Think of any organisation you are involved in: your workplace, school, university, hospital, or community group. There are always two aspects to the organisation:
1. There’s the day-to-day operations (what you do there and what happens each day), and
2. How it feels to be there.
How it feels to be there relates to an organisation’s emotional intelligence. Is the general atmosphere harmonious or tense? Is there is an open exchange of ideas and emotions? Is your ‘best self’ encouraged by the organisation? Is conflict handled well? Do you feel a sense of personal mastery in the organisation?
Most organisations treat the atmosphere of an organisation as being secondary to the day-to-day operations, or at least, something that the management has no control over. To members and staff, this breeds an attitude of ‘just get your job done and deal with your personal feelings in your own way and on your own time.’ But people are starting to realise that the emotional intelligence of an organisation is directly linked to its productivity and staff retention. The atmosphere directly affects the day-to-day operations of the organisation. If people don’t feel good, they don’t work well.
This is where emotional intelligence training comes in.
Emotional Intelligence Training
Emotional intelligence training teaches people to recognise and discuss their feelings, with positive outcomes for the organisation. The Health and Education departments of the Australian Government have collaborated with Beyond Blue, the Australian Psychological Society, Principals Australia Institute and Early Childhood Australia in an initiative called KidsMatter. It is a mental health and well-being framework for primary schools and early education centres to teach children emotional intelligence. Research shows that emotional skills can be taught through social learning.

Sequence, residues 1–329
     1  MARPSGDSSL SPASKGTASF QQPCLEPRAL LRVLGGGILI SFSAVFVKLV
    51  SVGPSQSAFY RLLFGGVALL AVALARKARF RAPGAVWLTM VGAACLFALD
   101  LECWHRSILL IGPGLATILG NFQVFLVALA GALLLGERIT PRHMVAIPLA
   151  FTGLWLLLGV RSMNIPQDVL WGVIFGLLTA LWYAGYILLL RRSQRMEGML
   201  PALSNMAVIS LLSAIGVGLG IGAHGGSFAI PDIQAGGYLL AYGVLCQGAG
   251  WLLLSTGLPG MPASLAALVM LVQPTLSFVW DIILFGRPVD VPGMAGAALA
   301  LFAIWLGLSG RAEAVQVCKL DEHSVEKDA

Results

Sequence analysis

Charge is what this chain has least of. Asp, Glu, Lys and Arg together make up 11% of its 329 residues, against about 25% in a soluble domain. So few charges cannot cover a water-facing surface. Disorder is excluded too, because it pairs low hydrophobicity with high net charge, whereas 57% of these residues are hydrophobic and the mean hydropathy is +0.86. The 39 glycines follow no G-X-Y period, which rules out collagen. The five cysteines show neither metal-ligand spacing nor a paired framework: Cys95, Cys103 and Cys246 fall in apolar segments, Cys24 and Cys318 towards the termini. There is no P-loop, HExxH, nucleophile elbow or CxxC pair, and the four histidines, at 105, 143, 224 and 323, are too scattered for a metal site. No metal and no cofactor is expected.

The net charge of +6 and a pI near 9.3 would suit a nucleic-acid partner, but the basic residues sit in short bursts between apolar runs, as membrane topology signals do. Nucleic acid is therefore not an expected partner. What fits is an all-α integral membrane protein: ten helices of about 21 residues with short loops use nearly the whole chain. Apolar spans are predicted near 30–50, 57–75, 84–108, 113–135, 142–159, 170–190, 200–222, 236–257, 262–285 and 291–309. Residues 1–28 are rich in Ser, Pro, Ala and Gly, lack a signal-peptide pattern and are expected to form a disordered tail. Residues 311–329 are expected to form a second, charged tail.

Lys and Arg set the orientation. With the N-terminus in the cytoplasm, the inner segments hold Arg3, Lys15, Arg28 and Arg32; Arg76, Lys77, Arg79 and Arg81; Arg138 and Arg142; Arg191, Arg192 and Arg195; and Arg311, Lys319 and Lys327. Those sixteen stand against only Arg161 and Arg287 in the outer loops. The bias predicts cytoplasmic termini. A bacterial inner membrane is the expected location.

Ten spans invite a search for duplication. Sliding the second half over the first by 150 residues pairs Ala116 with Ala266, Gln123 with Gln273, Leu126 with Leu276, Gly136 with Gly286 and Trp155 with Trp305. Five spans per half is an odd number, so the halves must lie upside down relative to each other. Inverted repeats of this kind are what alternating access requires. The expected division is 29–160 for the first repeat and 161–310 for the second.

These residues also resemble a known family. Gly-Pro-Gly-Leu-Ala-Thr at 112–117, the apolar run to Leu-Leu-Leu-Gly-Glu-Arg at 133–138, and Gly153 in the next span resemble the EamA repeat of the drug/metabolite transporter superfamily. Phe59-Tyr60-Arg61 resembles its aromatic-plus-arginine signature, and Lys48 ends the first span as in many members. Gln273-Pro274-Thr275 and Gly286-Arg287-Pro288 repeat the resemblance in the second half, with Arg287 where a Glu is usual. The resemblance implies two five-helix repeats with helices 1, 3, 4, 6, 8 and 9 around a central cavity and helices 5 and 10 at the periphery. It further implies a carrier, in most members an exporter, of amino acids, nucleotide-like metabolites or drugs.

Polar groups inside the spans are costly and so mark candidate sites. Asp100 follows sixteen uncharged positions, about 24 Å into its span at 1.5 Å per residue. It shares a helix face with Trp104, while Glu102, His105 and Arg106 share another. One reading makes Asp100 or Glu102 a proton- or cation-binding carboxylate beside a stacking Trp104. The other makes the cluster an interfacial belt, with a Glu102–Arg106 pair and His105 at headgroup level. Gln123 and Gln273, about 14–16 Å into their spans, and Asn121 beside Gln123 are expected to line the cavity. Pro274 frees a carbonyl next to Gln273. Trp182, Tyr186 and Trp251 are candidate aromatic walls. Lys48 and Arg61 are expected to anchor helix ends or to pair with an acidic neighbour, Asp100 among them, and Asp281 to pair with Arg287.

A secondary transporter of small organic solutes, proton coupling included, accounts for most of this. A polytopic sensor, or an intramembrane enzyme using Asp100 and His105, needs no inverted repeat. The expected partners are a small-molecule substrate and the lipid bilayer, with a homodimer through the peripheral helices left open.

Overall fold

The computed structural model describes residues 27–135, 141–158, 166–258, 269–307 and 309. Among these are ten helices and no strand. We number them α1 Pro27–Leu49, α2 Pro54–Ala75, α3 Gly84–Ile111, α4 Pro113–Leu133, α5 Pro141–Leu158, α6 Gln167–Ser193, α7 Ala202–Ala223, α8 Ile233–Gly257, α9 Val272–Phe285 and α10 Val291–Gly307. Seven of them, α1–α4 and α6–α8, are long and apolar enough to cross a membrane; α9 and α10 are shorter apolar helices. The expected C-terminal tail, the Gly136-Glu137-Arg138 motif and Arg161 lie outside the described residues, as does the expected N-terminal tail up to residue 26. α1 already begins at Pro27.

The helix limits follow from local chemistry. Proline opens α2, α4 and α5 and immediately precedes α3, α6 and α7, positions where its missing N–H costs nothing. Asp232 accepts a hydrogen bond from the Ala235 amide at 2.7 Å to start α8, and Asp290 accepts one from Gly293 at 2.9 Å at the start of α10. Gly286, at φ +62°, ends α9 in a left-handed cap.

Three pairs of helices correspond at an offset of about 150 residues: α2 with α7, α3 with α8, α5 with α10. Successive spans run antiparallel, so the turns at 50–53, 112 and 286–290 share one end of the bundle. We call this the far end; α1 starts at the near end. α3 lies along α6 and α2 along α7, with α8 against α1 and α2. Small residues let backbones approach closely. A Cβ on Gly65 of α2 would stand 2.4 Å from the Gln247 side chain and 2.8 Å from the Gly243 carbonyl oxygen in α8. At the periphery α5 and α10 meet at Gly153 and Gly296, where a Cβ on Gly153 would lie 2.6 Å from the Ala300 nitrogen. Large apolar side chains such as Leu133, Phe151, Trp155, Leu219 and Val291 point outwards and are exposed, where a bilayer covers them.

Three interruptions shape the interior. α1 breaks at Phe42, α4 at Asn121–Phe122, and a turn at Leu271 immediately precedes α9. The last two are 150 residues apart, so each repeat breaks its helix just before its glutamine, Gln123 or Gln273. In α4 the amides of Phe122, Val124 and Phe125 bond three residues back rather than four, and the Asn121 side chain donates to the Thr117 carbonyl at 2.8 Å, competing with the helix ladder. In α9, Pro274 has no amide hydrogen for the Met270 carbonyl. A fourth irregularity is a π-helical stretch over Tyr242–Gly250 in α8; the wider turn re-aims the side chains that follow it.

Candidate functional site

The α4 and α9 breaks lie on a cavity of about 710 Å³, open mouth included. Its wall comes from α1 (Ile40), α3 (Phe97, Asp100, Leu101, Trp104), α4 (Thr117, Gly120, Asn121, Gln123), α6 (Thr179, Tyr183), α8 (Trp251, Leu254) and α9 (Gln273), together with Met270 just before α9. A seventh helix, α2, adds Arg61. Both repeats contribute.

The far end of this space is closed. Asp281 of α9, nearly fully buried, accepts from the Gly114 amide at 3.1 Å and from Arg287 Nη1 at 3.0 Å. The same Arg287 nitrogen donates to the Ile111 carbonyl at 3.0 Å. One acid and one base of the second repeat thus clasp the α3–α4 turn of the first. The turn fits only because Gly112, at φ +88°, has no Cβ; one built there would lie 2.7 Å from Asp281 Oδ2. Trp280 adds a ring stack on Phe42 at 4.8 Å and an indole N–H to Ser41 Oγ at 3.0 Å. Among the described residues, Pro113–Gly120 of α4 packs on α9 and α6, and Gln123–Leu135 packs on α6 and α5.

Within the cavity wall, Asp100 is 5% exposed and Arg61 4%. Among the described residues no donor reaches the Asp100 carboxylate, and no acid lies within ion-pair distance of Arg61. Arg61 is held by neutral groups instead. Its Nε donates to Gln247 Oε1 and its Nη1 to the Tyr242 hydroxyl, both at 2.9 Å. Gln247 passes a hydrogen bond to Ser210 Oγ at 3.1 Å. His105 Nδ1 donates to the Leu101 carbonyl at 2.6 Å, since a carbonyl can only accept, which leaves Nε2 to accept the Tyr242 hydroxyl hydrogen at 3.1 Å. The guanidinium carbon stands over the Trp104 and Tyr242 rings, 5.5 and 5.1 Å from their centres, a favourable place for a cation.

There are a few aspects to emotional intelligence training:
– BEST SELF: Emphasising and visualising your best self while identifying your inner critic;
– SELF-AWARENESS: Recognising your own moods and the moods of others, and communicating those moods;
– MINDFULNESS: Learning mindfulness and resilience through calming exercises & deep breathing;
– CONFLICT RESOLUTION: Diffusing conflicts before they escalate by openly talking about any tensions.
Emotional intelligence training has been shown to have a significant effect on organisations with the following outcomes:
1. More peaceful and mindful schools and workplaces;
2. Calmer and happier students and staff;
3. Higher productivity and staff retention;
One of the creators of KidsMatter, psychologist Andrew Fuller, believes that programs like KidsMatter may eventually lead to a reduction in binge drinking, violence and drug taking. With this rise in emotional literacy skills, I’m excited for the coming generations entering politics and society.
For more information on implementing KidsMatter in your school or early childhood centre, visit www.kidsmatter.edu.au
If you are interested in emotional intelligence training for your organisation, enquire here.